In 2018, I was working with Caritas Colombiana monitoring the implementation of the Peace Agreement in the Amazon region with the Kroc Institute, we “experts” arrived in “the field” with a predesigned methodology to ask “campesinos” and indigenous people their perception of progress in the implementation of the Agreement, indigenous authorities made a strong call to our attention because we not only arrived with methodologies that were not consulted, but we also came to request information that they did not have at that time and they had to consult with their communities in their territories, after that we started to involve local organizations in the design of methodologies for collecting information, acknowledging that local “campesinos” and indigenous people have key wisdom for the prevention of socio-environmental conflicts, after that my methodological approach to accompany the transformation of socio-environmental conflicts was never the same, now I try to open up the design of methodologies with local “campesinos” and indigenous communities for the transformation of conflicts.
My central argument in this reflection is that the way «how do we solve a problem and who do we involve» matters, not only to provide legitimacy to the transformation processes of socio-environmental conflicts, but also to develop pertinent Earth System Governance (ESG) methodologies in ethnic contexts of biocultural diversity incorporating Traditional Ecological Knowledge (TEK) into existing knowledge frameworks as data (Cruikshank, 2012), to contribute in a larger discourse in the social sciences on new institutionalism and governance for the climate change mitigation (Biermann, 2007).
Potential of ESG to promote social dialogues including traditional ecological knowledge for climate change mitigation for the defense of territories
Distancing itself from the traditional scientific method of irrefutable truths, ESG is concerned with the issue of governance and legitimacy as a conceptual and pragmatic issue to find effective methods of mitigating the effects of climate change on social and ecological systems, through the dialogue between scientific disciplines (natural, social and political sciences among others) and local knowledge, disrupting traditional visions of development thought from the top-down, led by a nation-state model that is currently tending towards debacle, just like the neo-liberal capitalist model that seeks to accumulate profits and reduce costs in a world in with limited natural resources. ESG steers human societies towards preventing, mitigating, and adapting to environmental change and earth system, which is one of the central political challenges of our time, aiming to contribute to this challenge though to principles of: Credibility, stability, adaptiveness, inclusiveness (Biermann & Gupta, 2011).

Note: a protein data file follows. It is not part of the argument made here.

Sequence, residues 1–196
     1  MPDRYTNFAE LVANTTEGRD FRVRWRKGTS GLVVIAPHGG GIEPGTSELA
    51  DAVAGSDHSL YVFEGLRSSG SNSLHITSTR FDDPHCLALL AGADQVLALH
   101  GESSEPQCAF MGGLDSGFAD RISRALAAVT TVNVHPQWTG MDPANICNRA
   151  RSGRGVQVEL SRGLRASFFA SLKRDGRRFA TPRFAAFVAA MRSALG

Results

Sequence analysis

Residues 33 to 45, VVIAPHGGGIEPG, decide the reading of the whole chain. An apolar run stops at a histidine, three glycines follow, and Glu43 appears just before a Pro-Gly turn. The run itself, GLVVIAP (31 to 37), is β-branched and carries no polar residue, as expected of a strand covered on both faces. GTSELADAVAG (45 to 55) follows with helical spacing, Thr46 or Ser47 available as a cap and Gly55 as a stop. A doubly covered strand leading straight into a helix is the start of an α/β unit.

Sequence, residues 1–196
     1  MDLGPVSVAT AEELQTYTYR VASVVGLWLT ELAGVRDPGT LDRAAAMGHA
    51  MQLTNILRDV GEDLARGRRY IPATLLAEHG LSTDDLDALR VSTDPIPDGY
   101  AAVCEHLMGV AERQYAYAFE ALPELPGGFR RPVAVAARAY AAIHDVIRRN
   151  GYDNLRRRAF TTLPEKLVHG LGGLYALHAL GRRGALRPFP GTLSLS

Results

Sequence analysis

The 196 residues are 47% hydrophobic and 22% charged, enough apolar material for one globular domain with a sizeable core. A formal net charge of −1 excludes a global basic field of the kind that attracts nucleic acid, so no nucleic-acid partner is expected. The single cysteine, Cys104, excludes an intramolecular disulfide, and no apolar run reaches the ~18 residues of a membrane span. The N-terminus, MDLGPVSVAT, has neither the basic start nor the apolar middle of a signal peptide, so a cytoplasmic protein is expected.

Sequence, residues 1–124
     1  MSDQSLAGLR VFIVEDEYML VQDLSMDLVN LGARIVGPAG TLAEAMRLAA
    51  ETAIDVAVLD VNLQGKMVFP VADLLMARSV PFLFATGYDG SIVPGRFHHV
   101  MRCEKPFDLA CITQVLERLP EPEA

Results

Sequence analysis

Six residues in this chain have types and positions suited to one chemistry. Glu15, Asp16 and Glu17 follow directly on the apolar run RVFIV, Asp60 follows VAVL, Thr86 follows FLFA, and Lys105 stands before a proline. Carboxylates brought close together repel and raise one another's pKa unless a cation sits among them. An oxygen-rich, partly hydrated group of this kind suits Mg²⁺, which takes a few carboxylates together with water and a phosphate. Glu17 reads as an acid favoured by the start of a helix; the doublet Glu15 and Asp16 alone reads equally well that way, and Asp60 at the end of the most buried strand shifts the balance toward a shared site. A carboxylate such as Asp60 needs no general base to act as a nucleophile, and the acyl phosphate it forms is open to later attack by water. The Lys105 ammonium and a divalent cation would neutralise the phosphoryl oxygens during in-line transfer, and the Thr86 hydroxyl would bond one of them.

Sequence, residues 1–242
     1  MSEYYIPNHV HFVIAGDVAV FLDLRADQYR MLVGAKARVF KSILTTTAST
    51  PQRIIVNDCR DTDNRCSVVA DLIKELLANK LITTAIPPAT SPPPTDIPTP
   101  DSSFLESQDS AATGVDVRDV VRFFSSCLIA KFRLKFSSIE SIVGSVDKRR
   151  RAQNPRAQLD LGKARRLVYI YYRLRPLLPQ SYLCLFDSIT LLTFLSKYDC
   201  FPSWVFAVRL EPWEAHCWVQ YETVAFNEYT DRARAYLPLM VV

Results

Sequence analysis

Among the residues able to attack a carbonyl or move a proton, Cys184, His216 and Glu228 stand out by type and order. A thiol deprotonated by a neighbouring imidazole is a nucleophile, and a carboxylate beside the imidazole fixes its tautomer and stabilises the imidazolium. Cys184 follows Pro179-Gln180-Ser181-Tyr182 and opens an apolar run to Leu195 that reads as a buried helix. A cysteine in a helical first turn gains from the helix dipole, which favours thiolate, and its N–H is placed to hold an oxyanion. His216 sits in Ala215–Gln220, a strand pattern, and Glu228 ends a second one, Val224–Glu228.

At this point in human history, it is complex to talk about a return from the consequences of climate change, we can nonetheless find ways to mitigate it´s adverse effects, SEG has the potential to become an strategic discipline for the mitigation of climate change, through the design of participatory methodologies in which the different types of knowledge enter into an equal position, decolonizing knowledge (Santos, 2010) to find real solutions to the problems of hunger, food sovereignty and public health that have already begun to appear all over the world, to which the current development model has not been able to offer effective solutions.
Currently, exist several and lively discussions regarding the potential contributions of indigenous knowledge to environmental sciences, and some scientists are integrating traditional ecological knowledge (TEK) into existing knowledge frameworks as data (Cruikshank, 2012). An example of TEK is a common agricultural practice on Lake Titicaca, in the border between Peru and Bolivia, where thousands of years ago my Inca ancestors domesticated potato seeds, and since then the communities have produced potatoes without chemicals, rotating the soil every seven years in collective plots and let rest the land to recover the soil, harvesting nutrient-rich potatoes in soils that are highly resilient to climate change.